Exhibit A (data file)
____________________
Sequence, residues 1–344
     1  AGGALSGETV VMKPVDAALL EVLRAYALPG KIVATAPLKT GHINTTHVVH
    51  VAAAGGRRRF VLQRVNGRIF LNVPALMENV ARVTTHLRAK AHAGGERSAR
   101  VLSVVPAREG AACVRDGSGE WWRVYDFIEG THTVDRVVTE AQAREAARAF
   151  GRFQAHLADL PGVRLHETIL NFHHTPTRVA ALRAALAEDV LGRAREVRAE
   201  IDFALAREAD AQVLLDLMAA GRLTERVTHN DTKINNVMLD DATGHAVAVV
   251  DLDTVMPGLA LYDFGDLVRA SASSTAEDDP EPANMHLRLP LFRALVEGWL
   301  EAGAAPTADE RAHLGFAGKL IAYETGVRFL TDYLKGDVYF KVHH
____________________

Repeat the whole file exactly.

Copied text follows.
Sequence, residues 1–344
     1  AGGALSGETV VMKPVDAALL EVLRAYALPG KIVATAPLKT GHINTTHVVH
    51  VAAAGGRRRF VLQRVNGRIF LNVPALMENV ARVTTHLRAK AHAGGERSAR
   101  VLSVVPAREG AACVRDGSGE WWRVYDFIEG THTVDRVVTE AQAREAARAF
   151  GRFQAHLADL PGVRLHETIL NFHHTPTRVA ALRAALAEDV LGRAREVRAE
   201  IDFALAREAD AQVLLDLMAA GRLTERVTHN DTKINNVMLD DATGHAVAVV
   251  DLDTVMPGLA LYDFGDLVRA SASSTAEDDP EPANMHLRLP LFRALVEGWL
   301  EAGAAPTADE RAHLGFAGKL IAYETGVRFL TDYLKGDVYF KVHH